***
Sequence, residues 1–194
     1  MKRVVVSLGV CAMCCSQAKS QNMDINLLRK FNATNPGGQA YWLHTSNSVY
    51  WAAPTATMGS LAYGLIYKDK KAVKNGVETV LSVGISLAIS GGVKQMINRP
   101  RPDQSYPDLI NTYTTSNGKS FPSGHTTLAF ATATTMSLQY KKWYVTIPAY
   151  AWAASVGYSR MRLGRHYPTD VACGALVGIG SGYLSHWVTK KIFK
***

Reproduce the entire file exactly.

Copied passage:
Sequence, residues 1–194
     1  MKRVVVSLGV CAMCCSQAKS QNMDINLLRK FNATNPGGQA YWLHTSNSVY
    51  WAAPTATMGS LAYGLIYKDK KAVKNGVETV LSVGISLAIS GGVKQMINRP
   101  RPDQSYPDLI NTYTTSNGKS FPSGHTTLAF ATATTMSLQY KKWYVTIPAY
   151  AWAASVGYSR MRLGRHYPTD VACGALVGIG SGYLSHWVTK KIFK